Today, September 2nd, is his birthday. He's turning 60 years old. But you haven't heard much about him lately. He retired almost 20 years ago.
He was born and raised in Belleview, Ill., across the Mississippi River from St. Louis. He was raised by two women, his mother Gloria, and his grandmother Bertha Thompson, who he called "Two Mom."
His mother was a coach, and she began teaching skills to him when he was just a toddler. "My mother rolled balls to me," he later explained, "and I swung at them."
When he started playing against other kids, he found out he was small by comparison. But he didn't let that bother him. He made up for his size with determination and feistiness. When he was only 8 years old he entered his first official contest, playing in a group of 11-and-unders, and from then on he was a regular on the junior circuit, winning more than his share of games.
In 1968, when he was 16, his mother took him to California to benefit from the tutelage of top-notch coaches. He entered UCLA as a freshman in 1970. He immediately made the team, became a star, and at the end of the year won the NCAA championship.
He left school in 1972, turned pro and joined the tour. He hit his way to the top of the leaderboard in six tournaments that season, as a promising 20 year old playing against veterans a decade older than he was. The next year he won 11 tournaments.
In 1974, he stepped up to dominate his sport. He won in Australia. He won in England. And he won in New York. At only 5 feet, 10 inches, 155 pounds and 22 years old, he beat tennis great Ken Rosewall first at Wimbledon and then again in New York to win the U. S. Open.
|Stadium at the U. S. Open|
He climbed to the Number 1 ranking in men's tennis. Then he started dating Number 1 female tennis player Chris Evert. The relationship between the two American tennis greats only boosted his star power -- he made the cover of Time Magazine in 1975 -- as well as his popularity among the fans.
Yet some people were put off by his on-court antics. He once gave the finger to a linesman after a disputed call. He argued with umpires, referees, officials, and other players. Nevertheless, his talent won out, and he stood atop his Number 1 ranking for an astounding 263 weeks during his prime years in the 1970s. Still, like any athlete, he suffered some heartbreaking defeats as well. He made it to the finals at Wimbledon three more times during the 1970s, but lost first to Arthur Ashe in 1975 and then to Bjorn Borg in 1977 and 1978.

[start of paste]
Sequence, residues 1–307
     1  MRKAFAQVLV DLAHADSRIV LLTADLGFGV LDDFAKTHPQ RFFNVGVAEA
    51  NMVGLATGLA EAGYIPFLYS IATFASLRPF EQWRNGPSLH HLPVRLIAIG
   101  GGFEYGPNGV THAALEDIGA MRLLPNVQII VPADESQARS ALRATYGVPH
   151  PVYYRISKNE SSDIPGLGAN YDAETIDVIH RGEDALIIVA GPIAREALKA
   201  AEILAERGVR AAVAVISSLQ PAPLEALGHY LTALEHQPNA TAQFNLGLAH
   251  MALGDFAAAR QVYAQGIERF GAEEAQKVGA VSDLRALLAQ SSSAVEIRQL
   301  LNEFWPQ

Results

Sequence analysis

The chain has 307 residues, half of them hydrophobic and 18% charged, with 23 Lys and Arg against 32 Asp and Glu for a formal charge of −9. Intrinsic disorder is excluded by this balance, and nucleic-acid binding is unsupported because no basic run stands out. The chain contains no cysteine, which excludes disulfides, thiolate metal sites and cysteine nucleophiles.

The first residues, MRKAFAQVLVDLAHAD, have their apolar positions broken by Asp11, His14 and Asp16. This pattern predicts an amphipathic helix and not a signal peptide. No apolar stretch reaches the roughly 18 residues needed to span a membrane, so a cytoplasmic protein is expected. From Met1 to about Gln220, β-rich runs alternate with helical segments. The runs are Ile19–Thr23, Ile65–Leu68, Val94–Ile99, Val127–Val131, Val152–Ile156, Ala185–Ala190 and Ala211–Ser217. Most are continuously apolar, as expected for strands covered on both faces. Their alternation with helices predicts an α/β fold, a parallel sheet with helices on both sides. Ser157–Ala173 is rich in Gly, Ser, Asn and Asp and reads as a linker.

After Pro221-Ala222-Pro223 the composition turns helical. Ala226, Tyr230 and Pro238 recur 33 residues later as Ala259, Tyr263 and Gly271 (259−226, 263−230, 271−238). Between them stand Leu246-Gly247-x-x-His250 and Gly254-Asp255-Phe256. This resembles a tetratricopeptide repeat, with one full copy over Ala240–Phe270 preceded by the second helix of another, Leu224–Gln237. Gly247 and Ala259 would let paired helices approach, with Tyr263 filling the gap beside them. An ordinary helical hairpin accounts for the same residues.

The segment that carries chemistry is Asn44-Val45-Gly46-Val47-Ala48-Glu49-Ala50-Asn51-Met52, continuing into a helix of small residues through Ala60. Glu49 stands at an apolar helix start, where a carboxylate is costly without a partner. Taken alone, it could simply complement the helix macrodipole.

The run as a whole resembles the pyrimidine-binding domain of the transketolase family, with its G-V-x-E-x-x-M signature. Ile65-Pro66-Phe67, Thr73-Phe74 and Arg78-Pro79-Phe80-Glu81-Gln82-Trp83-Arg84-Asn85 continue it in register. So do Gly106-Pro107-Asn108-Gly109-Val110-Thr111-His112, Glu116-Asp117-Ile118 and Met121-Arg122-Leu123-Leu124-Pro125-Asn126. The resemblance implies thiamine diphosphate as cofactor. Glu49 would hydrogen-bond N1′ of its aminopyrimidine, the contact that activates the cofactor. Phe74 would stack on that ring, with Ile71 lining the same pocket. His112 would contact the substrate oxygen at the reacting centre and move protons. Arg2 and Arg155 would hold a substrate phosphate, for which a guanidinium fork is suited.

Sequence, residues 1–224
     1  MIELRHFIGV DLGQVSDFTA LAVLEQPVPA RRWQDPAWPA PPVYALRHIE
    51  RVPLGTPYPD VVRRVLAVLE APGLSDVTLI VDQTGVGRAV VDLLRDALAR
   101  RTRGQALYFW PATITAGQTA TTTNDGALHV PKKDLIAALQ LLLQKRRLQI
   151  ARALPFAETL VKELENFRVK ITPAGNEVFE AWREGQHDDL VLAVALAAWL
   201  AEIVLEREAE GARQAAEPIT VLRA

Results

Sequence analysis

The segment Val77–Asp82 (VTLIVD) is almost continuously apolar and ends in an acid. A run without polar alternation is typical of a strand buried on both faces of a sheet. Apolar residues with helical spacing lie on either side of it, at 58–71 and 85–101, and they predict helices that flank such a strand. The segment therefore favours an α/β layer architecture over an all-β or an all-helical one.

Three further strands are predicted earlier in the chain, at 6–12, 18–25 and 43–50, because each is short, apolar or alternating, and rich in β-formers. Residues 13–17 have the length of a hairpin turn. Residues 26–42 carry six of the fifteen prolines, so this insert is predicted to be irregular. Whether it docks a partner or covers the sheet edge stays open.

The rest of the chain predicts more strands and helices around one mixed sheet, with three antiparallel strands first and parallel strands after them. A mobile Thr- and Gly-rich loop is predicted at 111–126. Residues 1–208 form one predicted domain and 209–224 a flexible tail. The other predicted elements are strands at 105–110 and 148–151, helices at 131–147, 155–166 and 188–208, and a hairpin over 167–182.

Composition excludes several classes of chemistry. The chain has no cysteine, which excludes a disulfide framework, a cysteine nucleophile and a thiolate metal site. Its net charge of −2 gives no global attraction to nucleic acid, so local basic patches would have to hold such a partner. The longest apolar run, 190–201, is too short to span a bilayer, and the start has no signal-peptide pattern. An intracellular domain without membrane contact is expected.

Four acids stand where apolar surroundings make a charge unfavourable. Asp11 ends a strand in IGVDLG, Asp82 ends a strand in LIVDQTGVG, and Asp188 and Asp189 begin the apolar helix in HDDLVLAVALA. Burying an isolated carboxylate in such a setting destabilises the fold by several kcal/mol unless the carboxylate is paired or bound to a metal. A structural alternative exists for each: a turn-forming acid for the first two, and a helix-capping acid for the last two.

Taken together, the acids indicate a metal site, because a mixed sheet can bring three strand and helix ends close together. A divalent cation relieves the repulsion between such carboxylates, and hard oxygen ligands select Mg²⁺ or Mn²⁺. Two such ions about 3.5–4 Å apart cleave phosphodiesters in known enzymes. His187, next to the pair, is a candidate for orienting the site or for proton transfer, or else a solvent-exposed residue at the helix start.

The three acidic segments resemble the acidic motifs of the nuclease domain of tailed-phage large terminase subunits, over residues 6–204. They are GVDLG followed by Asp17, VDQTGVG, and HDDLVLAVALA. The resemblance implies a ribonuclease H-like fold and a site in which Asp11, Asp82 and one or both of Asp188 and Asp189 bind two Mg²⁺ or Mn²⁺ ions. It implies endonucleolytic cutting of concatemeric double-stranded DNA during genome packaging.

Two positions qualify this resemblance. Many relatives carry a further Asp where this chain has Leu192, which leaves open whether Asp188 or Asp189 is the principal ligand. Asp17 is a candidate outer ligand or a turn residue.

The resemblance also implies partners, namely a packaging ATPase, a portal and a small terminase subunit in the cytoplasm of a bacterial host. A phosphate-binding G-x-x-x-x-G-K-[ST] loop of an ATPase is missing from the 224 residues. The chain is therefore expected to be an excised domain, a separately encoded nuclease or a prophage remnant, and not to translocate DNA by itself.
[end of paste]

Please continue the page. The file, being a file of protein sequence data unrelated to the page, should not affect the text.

The U. S. Open was always his favorite venue (the 2012 Open is being played this week at the Billie Jean King Tennis Center in Flushing, NY). He was victorious over Borg in the finals in 1976 and 1978. He beat out rival Ivan Lendl in 1982 and 1983 to take two more titles -- giving him a total of 5 U. S. Open titles, a record only later matched by Pete Sampras who won four times in the 1990s and a fifth time in 2003, and Roger Federer, who won 5 straight titles from 2004 through 2008. This coming week Federer has a chance to break the Connors-Sampras-Federer record with an unprecedented sixth win.
The man I'm recalling is not John McEnroe, who won the U. S. Open four times. He is McEnroe's arch rival, Jimmy Connors, the original bad boy of professional tennis.
But perhaps Connors finest hour came in 1991. By that time he was 39 years old. He had suffered several injuries, and was ranked way down at Number 194, needing a wild card to get into the tournament.
In the first round he faced Patrick McEnroe, John McEnroe's younger brother. Connors lost the first set, then the second set. He was down 3-0 in the third set when he finally found his footing, hitting the ball with more power and accuracy. He started winning games, and at 1:35 a.m., after more than four grueling hours of play, he won the fifth set 6-4 and walked off a winner.
He then won two more matches and found himself, on Sept. 2, 1991, his 39th birthday, facing top-ten player Aaron Krickstein. Connors was down two sets to one. He won the fourth set to tie it up. He fell behind 5-2 in the fifth and deciding set. Then once again Connors roared back, with the crowd cheering for their aging champion, and won the match in a tiebreaker.
Connors later lost to Jim Courier in the semis, who in turn lost to Stefan Edberg in the finals. But the most memorable match of the year, perhaps of the decade, was the time when the aging star made magic happen once again on center court.
Jimmy Connors retired from tennis in 1993 and went on to become a businessman and investor in gambling casinos. He married Playboy model Patti McGuire in 1979, and together they have two children. Over the years he has also done some tennis coaching (he briefly coached retiring American ace Andy Roddick) and tennis commentary for TV. He currently lives in Santa Barbara, Calif., with Patti, now his wife of over 30 years.